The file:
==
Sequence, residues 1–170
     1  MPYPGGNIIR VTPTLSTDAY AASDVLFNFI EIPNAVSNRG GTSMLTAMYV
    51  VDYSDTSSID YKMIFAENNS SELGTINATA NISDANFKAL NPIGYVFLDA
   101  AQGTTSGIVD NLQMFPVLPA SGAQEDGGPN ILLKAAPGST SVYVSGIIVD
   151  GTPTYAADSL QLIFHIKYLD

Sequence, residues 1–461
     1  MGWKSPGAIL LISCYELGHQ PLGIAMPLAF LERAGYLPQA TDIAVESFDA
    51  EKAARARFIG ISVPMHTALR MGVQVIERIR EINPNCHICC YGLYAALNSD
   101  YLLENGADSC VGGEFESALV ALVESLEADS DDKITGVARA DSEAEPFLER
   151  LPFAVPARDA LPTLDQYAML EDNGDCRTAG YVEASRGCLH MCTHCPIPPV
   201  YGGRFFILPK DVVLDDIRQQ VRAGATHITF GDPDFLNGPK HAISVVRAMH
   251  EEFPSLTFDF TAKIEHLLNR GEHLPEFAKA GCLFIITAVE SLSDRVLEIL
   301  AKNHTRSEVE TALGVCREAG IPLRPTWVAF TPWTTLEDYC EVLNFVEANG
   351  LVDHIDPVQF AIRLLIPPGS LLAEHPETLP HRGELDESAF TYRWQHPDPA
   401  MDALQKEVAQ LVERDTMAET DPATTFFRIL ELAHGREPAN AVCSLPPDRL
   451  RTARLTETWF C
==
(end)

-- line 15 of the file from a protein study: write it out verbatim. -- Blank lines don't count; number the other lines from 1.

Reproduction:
   401  MDALQKEVAQ LVERDTMAET DPATTFFRIL ELAHGREPAN AVCSLPPDRL